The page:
Disgruntled buyer evicted under ‘Voetstoots’ law

In a classic example of why buyers should invest in a professional home inspection before making an offer to purchase, the Supreme Court this week ordered the eviction of Patrick Ferraris from his R2,2m home in Sunridge Park, Port Elizabeth as a result of a ruling based on the ‘voetstoots’ clause.

“While the ‘voetstoots’ clause is controversial and has been used to the advantage of both buyers and sellers,” says Richard Gahagan, MD of Property24, “it’s purpose is essentially to protect the seller and in this case it has been used to do so - with devastating results for the buyer.”

After purchasing the luxury home in 2006, Ferraris discovered a number of defects in the property. The Jacuzzi was found to be faulty and the swimming pool leaked, the roof leaked in at least one place, borer beetle was found in the dining room wood panelling, the carport had been built without suitable approved plans. Furthermore, the laundry had been built on top of an open sewer.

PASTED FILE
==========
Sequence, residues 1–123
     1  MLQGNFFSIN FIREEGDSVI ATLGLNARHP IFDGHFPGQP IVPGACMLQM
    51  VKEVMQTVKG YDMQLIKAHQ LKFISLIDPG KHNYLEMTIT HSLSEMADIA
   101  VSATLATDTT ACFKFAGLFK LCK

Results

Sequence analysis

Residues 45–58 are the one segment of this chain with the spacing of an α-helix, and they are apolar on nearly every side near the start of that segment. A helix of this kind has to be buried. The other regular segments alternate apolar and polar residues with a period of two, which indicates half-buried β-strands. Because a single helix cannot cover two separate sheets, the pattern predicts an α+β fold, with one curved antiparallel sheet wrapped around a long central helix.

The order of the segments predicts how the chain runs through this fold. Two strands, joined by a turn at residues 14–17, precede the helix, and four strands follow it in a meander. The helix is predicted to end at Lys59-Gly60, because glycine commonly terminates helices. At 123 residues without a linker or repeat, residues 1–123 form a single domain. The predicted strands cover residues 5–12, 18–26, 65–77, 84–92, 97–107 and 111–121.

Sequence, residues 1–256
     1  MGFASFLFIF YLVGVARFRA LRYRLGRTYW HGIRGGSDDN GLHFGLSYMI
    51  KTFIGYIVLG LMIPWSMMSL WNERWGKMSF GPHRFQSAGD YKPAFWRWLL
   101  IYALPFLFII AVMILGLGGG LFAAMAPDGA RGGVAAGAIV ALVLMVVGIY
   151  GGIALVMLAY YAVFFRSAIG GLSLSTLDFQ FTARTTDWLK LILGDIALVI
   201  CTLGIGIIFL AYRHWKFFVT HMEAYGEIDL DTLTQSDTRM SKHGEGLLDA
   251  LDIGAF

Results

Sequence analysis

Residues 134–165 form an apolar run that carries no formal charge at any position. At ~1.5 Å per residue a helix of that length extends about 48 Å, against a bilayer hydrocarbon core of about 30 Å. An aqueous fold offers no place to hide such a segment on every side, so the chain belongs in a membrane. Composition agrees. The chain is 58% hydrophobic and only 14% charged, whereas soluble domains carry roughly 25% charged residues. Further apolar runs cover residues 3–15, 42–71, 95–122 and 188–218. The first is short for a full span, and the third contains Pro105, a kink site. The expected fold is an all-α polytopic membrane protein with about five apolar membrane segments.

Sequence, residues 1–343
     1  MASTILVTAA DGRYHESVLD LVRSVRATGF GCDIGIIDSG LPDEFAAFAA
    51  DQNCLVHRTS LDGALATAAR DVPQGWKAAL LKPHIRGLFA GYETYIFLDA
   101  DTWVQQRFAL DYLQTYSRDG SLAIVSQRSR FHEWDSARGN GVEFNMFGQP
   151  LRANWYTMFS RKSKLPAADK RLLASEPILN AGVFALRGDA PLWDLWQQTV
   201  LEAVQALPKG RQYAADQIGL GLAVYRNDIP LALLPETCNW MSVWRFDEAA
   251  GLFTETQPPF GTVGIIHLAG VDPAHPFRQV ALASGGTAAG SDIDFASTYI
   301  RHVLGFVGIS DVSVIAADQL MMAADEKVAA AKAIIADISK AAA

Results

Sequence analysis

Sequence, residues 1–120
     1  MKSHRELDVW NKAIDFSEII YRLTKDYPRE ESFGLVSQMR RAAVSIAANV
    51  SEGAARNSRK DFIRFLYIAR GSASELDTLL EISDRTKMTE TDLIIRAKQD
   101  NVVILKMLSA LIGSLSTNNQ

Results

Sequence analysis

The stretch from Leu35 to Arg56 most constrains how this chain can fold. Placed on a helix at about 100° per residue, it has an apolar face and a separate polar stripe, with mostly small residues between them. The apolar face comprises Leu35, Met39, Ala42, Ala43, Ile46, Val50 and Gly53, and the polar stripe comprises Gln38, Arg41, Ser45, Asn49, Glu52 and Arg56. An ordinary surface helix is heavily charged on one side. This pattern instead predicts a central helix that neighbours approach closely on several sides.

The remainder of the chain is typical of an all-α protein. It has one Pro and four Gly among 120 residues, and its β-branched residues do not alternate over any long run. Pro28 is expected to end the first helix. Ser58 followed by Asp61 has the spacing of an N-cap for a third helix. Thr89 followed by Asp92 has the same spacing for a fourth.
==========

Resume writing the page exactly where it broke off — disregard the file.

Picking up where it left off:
The buyer then demanded ‘reasonable time’ in which to repair the faults and refused to pay the purchase price in the interim, although he did pay occupational rent. The seller, meanwhile, claimed she was protected by the ‘voetstoots’ clause, which states that the house is purchased as is unless anything to the contrary is agreed in writing in the offer to purchase.

The Supreme Court ruling found that the defects were all latent defects, and that there was no evidence that the seller was guilty of deliberately withholding information from the buyer, and the seller was cleared of responsibility.

“Once again it becomes clear that the buyer has a responsibility when buying a property,” says Gahagan, “and that it’s critical to carry out a professional inspection before submitting an offer to purchase.”
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